Prime Moorings
Marina Palma Cuarentena
Absolute Boat Care
Marina Ibiza
Port de Mallorca
IPM Group
Breaking News
Home > Health & Wellness > New data from MedAire – most common injuries on-board Superyachts

New data from MedAire – most common injuries on-board Superyachts

Telemedical service provider MedAire, an International SOS Company has today revealed new data highlighting the most common injuries and illnesses onboard superyachts.

The company, which provides services to over 50% of the world’s largest superyachts, looked at over 10,000 cases from the last five years, to uncover the most common ailments onboard amongst crew and guests.

It found that urinary infections were the most commonly seen illness onboard, representing about 4% of the total number of cases and skewed heavily in gender towards females. As Brent Palmer, Director of Education at MedAire explains “the yachting environment lends itself to a high occurrence of UTIs: warm temperatures and inconsistent water intake can hugely increase the chance of contracting a UTI, so we always recommend good hydration and the regular passing of urine to mitigate these risks

Of all of MedAire’s 18 medical case categories, dermatological saw the highest number of cases, closely followed by musculoskeletal.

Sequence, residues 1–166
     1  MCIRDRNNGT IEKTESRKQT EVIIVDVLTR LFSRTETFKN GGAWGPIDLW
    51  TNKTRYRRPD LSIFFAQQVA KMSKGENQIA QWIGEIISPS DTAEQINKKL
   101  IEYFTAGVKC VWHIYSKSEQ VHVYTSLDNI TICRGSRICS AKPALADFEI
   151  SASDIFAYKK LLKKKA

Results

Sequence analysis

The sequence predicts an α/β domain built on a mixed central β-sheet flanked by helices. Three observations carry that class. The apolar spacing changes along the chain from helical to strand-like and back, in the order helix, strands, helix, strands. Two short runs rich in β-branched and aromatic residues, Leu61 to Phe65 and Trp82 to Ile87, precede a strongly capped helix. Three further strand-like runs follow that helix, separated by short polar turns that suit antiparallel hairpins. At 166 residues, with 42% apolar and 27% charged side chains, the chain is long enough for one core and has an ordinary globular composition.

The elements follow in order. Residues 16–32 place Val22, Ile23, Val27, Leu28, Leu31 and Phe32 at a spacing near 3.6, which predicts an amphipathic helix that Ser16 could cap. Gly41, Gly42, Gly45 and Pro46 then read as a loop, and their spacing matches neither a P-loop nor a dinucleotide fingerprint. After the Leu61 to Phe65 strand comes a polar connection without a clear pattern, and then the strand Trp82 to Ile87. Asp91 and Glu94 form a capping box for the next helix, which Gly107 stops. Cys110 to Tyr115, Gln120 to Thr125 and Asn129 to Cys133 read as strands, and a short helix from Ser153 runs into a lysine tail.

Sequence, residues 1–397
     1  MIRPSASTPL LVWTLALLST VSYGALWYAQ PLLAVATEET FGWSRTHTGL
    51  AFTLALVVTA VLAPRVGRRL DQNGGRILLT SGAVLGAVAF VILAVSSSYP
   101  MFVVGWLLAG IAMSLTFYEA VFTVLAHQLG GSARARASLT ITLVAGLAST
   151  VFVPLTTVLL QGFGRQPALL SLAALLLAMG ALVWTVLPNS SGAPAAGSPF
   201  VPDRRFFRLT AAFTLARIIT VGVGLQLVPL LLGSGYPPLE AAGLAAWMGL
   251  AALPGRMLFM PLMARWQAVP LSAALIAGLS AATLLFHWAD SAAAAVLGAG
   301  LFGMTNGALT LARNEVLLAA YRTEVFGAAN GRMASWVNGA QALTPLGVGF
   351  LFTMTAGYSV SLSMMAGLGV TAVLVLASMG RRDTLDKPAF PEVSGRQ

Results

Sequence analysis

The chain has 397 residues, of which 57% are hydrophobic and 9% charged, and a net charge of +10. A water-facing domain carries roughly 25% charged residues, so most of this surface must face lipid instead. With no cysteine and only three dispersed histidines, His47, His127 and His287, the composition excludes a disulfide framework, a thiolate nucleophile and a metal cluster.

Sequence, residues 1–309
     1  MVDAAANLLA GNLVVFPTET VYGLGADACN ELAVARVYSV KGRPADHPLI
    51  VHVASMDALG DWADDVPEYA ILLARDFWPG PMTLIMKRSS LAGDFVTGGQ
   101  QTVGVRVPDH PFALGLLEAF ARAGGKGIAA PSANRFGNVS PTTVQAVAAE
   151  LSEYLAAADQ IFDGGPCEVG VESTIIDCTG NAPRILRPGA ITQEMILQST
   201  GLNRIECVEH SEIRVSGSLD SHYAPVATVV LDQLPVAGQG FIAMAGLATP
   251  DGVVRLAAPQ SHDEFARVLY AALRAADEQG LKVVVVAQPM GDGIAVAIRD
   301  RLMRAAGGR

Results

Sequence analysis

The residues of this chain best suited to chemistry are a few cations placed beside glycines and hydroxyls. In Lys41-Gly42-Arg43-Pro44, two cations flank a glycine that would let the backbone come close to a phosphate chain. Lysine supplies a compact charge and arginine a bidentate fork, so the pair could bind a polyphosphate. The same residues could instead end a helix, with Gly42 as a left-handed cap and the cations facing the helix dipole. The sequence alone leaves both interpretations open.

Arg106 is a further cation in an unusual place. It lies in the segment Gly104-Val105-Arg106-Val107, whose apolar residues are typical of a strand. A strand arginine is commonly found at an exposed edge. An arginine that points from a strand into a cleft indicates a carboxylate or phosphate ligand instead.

The third largest category by case numbers was: ear, nose and throat. As Palmer puts it, this can be simply explained: “on a yacht, you’re in close confines with each other so naturally throat complaints like pharyngitis and tonsilitis are spread very easily between the crew”. He continues to say that “over the years we’ve launched numerous basic hygiene awareness campaigns to mitigate the spread of such viruses to little avail, but it was only really when COVID hit that these started to make an impact, as people were forced to take hygiene measures more seriously. As a happy consequence of COVID, we therefore saw a decrease in this type of illness, which had been increasing every year up to that point”.

Ear pain also appeared within the most common cases, which tends to be skewed heavily towards swimmers. Dr Philip Bryson, Diving Specialist at MedAire says that “even visibly clean water can contain plankton, protozoa and bugs that are invisible to the naked eye – if your ear canal is not properly dried out, small amounts of water can pool, causing infections, especially if there is wax in the ear” He continues to say that “crew and guests should always try and ensure that their ears are drained after being in the water by gently tapping or shaking a tilted head, as well as keeping hair off the ears after swimming to allow air to naturally circulate. If discomfort does arise, knowing which products to use or indeed not to use is imperative, using cotton buds for example could push bugs further into the ear and worsen the situation”.

Back complaints and lacerations/cuts also featured heavily within the top yachting cases, attributable to the nature of the yachting environment, working around heavy machinery, operated by young fit individuals who may lack good lifting technique.

As in any remote environment, having access to excellent medical advice and information is incredibly useful – not only to provide peace of mind for the patient but also potentially avoiding any unnecessary detours for shoreside treatment if at sea or on charter” concludes Dr Bryson